03:32
on a bike with a smartphone.
03:33
And it costs just 500 dollars.
03:37
The issue of power supply
03:41
is overcome by harnessing the power of solar.
03:43
Our healthcare workers travel
03:45
with a solar-powered rucksack
03:46
which keeps the phone charged and backed up.
03:48
Now we go to the patient
03:50
rather than waiting for the patient never to come.
03:53
We go to them in their homes
03:55
and we give them the most comprehensive,
03:57
high-tech, accurate examination,
03:59
which can be delivered by
anyone with minimal training.
04:01
We can link global experts
04:05
with people in the most rural,
04:08
difficult-to-reach places
04:09
that are beyond the end of the road,
04:11
effectively putting those experts in their homes,
04:12
allowing us to make diagnoses
04:15
and make plans for treatment.
04:17
Project managers, hospital directors,
04:20
are able to search on our interface
04:22
by any parameter they may be interested in.
04:24
Here in Nakuru, where I've been living,
04:26
we can search for people
04:28
by whatever condition.
04:30
Here are people who are blind
04:31
from a curable condition cataract.
04:32
Each red pin depicts somebody
04:35
who is blind from a disease that is curable
04:37
and treatable, and they're locatable.
04:40
We can use bulk text messaging services
04:42
to explain that we're coming to arrange a treatment.
04:44
What's more, we've learned that this is something
04:47
that we haven't built just for the community
04:50
but with the community.
04:52
Those blue pins that drop represent
04:53
elders, or local leaders,
04:55
that are connected to those people
04:58
who can ensure that we can find them
04:59
and arrange treatment.
05:00
So for patients like Mama Wangari,
05:02
who have been blind for over 10 years
05:05
and never seen her grandchildren,
05:07
for less than 40 dollars, we can restore her eyesight.
05:08
This is something that has to happen.
05:12
It's only in statistics
05:18
that people go blind by the millions.
05:19
The reality is everyone goes blind on their own.
05:22
But now, they might just be
05:26
a text message away from help.
05:28
(Applause)
05:30
And now because live demos are always a bad idea,
05:37
we're going to try a live demo.
05:39
(Laughter)
05:41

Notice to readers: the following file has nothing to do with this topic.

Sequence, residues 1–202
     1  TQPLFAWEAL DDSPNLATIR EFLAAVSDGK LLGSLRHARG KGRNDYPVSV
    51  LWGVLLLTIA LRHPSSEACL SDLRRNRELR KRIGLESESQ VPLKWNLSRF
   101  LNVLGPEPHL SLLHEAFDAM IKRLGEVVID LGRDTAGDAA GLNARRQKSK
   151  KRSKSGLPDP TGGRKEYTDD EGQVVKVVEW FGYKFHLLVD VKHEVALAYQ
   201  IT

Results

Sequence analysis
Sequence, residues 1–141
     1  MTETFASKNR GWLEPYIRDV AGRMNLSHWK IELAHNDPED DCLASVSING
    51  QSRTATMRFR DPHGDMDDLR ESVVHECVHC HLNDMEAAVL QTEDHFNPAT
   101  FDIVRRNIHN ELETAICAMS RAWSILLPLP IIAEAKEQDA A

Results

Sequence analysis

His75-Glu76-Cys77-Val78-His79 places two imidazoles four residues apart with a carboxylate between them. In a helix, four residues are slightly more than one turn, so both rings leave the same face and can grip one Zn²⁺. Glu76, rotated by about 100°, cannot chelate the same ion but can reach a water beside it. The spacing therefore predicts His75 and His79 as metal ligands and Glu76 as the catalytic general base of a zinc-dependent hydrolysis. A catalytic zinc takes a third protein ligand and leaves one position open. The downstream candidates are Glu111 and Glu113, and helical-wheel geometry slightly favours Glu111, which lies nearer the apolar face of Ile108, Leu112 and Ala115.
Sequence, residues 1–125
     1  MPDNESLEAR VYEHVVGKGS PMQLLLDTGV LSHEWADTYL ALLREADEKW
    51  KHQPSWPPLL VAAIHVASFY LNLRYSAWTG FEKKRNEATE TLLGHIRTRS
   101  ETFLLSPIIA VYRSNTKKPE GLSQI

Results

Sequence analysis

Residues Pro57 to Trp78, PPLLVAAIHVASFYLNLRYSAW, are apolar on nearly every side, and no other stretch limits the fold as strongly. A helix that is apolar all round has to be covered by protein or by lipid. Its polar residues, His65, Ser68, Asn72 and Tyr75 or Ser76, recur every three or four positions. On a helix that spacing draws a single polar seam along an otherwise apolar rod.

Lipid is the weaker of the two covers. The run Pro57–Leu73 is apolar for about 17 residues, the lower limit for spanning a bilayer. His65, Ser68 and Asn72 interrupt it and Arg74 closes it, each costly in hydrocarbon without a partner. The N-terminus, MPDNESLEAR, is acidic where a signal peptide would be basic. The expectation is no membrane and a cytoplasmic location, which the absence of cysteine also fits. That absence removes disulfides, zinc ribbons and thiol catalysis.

So here we have the Peek Vision app.
05:42
Okay, and what we're looking at here,
05:51
this is Sam's optic nerve,
05:54
which is a direct extension of her brain,
05:56
so I'm actually looking at her brain as we look there.
05:58
We can see all parts of the retina.
06:01
It makes it possible to pick up diseases
06:04
of the eye and of the body
06:07
that would not be possible without access to the eye,
06:09
and that clip-on device can be manufactured
06:11
for just a few dollars,
06:13
and people can be cured of blindness,
06:15
and I think it says a lot about us as a human race
06:16
if we've developed cures and we don't deliver them.
06:20
But now we can.
06:22
Thank you.
06:23
(Applause)
06:26

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Andrew Bastawrous - Eye surgeon, inventor
Andrew Bastawrous studies eye health -- and builds accessible new tools to bring eye health to more people. He is a 2014 TED Fellow.

Why you should listen

Andrew Bastawrous is a Kenya-based ophthalmologist who co-founded PEEK, a low-cost smartphone ophthalmic tool. PEEK was built to deliver eye care in some of the world's most challenging places, to those who need it most. Bastawrous is a research fellow at the International Centre for Eye Health.

Andrew has worked in Sierra Leone, Peru, Belize, Sri Lanka, Madagascar and Uganda and is based in Kenya working on the collaborative development and testing of Peek. In 2011, Andrew was awarded a Medical Research Council (MRC) and Fight for Sight Fellowship to undertake the first longitudinal population-based study (follow-up study) of eye disease in Africa and the challenges he faced inspired the idea of a smartphone-based ophthalmic tool. He has published some 25 peer-reviewed articles focusing on international eye health and mobile technology in healthcare and has co-authored four book chapters. Andrew was awarded the MRC Max Perutz Science writing Award in 2012 and is a TED Fellow.